“It is such a great honor to be chosen as a representative of my class,” McLaughlin says. “I have been afforded so many wonderful experiences at SU, and it is great to be a part of such a tradition. I particularly enjoyed chairing the Commencement Speaker Selection Committee and am very excited to meet Frank McCourt, who I am sure will send the Class of 2007 off with a bit of humor!”
Cummings, of Stamford, Conn., has also embraced several campus leadership roles, beginning in his freshman year as a member of SU’s African American Male Congress, where he has served as both the senior vice president and parliamentarian. Cummings also served on the executive board of the OrangeSeeds First-Year Empowerment Program, for which he founded the training and operating position and served as executive director during his junior year. Cummings has also served as the telecommunications chair for the National Society of Black Engineers.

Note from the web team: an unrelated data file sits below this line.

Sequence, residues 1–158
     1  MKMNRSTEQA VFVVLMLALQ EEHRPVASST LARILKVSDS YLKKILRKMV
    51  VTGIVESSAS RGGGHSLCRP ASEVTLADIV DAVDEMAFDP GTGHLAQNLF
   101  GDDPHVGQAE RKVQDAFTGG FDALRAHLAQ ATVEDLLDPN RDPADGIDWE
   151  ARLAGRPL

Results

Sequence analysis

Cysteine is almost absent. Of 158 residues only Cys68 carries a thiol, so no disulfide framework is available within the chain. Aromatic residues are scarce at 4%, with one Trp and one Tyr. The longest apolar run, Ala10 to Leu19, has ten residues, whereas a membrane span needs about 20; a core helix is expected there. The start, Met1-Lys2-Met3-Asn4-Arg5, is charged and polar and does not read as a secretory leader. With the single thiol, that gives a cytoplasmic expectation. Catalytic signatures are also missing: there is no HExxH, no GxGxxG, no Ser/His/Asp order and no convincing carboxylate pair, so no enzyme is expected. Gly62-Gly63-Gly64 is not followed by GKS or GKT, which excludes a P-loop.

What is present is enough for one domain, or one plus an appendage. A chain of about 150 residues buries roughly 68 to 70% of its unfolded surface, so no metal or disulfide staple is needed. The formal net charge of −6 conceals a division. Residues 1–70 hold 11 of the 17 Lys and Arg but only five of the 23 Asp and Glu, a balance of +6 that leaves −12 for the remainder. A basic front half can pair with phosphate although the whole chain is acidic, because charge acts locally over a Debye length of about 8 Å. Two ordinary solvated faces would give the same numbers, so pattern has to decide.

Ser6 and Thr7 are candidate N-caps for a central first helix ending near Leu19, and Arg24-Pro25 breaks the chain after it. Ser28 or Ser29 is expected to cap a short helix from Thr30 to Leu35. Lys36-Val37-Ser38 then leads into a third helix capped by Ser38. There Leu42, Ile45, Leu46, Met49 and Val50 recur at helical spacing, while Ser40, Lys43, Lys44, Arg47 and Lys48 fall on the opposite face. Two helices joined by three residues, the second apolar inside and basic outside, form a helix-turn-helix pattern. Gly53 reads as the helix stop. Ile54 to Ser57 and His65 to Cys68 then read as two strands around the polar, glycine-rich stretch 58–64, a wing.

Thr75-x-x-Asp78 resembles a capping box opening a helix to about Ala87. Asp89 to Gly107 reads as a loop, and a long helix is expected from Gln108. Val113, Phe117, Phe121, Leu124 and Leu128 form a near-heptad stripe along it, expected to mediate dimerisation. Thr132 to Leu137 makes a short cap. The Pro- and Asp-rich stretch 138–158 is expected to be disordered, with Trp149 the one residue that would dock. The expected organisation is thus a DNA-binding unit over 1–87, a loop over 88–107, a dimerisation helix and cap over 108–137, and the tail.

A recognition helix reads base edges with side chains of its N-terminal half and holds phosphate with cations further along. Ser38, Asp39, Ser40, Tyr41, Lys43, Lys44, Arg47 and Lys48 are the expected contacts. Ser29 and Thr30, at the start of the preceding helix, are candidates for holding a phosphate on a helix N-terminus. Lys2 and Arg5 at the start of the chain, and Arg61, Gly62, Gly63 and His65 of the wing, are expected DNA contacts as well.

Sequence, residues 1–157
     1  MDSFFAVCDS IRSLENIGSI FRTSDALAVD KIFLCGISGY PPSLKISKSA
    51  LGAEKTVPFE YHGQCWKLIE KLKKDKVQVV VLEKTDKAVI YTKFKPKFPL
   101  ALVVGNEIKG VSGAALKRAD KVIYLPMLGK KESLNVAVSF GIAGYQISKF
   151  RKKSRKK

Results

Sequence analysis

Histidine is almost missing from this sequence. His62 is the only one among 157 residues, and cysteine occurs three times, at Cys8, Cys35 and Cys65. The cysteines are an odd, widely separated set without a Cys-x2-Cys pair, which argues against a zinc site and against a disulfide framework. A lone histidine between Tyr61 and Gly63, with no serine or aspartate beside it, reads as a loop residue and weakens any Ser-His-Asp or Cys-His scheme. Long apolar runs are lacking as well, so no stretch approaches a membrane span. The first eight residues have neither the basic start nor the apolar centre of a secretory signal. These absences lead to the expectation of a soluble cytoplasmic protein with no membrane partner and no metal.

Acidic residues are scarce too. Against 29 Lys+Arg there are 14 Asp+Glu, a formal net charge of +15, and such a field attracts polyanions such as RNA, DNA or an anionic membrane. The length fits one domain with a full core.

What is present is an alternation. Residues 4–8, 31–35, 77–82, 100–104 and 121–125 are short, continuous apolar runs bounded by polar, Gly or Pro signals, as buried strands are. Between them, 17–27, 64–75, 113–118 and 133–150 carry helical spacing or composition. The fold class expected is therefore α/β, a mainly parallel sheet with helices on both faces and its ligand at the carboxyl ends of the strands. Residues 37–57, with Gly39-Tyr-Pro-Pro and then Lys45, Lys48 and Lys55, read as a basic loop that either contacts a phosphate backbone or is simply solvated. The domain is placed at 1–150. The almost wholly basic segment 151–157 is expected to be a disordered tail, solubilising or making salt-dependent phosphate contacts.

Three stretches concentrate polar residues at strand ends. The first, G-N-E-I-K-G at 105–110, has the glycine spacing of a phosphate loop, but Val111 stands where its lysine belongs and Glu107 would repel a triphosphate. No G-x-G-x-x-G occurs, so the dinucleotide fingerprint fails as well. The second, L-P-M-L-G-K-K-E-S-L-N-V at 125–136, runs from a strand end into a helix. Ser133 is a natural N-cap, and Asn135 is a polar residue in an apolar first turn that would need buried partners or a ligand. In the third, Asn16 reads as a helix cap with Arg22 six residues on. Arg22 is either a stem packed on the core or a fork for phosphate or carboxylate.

In his studies at the L.C. Smith College of Engineering and Computer Science, Cummings has achieved academic success that has led to his being selected to the National Deans List, college dean’s list and ECS’ Circle of Honors. He was also named an IBM Corporate Scholar and is the recipient of the Xerox Technical Minority Scholarship.